UF/IFAS has released the 3rd edition of its book, Nutrition of Florida Citrus Trees, which is aimed at helping Florida citrus growers deal with citrus greening.
Florida citrus growers are having to up their game when it comes to dealing with citrus Greening. Researchers at UF/IFAS are doing everything in their power to get the latest information concerning citrus greening management to Florida citrus grower. UF/IFAS just released its third edition of its book, Nutrition of Florida Citrus Trees,” to aid Florida citrus growers in coping with citrus greening, according to a Citrus Industry article. See the key updates of the book below.
Details of the Nutrition of Florida Citrus Trees Book
While the book, also referred to as a guide, contains older information, co-editor Davie Kadyampakeni, an assistant professor of soil and water science, maintained that the older information is still relevant and useful. According to the article, new information in the book includes the “best ways to use soil organic matter, a product of residues from organisms that have decomposed and are incorporated in the soil.”
Per the article, additional updates include:
- “Chapter 2 highlights the importance of soil pH and soil organic matter management to improve tree performance in the era of HLB. Soil pH measures acids or bases in the soil that can affect the presence and availability of nutrients.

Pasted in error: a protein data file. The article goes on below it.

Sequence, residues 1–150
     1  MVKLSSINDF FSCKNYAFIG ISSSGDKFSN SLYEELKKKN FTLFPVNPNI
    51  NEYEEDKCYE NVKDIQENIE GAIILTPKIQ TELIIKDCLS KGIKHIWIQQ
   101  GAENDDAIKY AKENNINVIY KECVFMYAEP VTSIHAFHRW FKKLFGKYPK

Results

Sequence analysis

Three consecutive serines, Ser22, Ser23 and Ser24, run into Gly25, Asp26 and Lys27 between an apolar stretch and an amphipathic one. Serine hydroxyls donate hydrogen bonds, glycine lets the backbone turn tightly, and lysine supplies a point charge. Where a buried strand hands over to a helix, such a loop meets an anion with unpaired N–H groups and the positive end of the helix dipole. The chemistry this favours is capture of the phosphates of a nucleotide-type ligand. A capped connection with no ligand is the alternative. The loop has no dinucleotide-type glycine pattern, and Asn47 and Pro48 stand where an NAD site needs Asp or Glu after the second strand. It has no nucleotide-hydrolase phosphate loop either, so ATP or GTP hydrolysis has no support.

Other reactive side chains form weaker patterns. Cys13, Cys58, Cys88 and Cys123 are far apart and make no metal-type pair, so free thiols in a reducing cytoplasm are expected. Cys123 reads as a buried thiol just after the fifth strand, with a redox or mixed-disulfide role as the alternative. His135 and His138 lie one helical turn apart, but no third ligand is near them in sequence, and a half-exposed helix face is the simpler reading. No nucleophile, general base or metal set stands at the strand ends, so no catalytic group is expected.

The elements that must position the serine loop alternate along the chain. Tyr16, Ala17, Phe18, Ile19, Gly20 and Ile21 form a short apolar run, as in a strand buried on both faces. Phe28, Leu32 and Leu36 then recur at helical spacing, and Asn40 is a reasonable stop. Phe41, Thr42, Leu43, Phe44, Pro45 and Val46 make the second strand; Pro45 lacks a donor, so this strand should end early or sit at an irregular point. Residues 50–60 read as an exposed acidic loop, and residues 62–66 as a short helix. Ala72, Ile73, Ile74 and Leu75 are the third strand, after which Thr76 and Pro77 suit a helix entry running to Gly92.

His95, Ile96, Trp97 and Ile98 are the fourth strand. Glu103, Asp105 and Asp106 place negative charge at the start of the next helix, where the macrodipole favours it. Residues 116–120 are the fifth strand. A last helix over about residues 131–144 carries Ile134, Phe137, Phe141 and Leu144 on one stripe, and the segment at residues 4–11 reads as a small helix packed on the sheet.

- Chapter 6 describes the importance of what Kadyampakeni calls “spoon-feeding” HLB-affected trees. Growers can do this by using controlled-release or liquid fertilizers, so nutrients go move easily from the soil into the tree. Greening-affected trees have limited capacity — a compromised root structure — to take up nutrients.
- Chapter 8 describes new findings drawn from several years of experiments on improving tree performance through balanced soil nutrition. In the same chapter, the authors describe improved soil pH moderation practices and root-health management for increasing productivity of HLB-affected trees.
- Chapter 9 shows the importance of managing water differently for HLB-affected trees. Such trees have limited capacity to absorb water. Recommendations include frequent irrigation to increase water in the root zone in the soil beneath trees.
- Chapter 11 includes information on the CUPS strategy to grow trees in screen-enclosed structures. The screening system keeps the Asian citrus psyllid off citrus trees. The psyllid is the insect that transmits the pathogen that causes citrus greening.”
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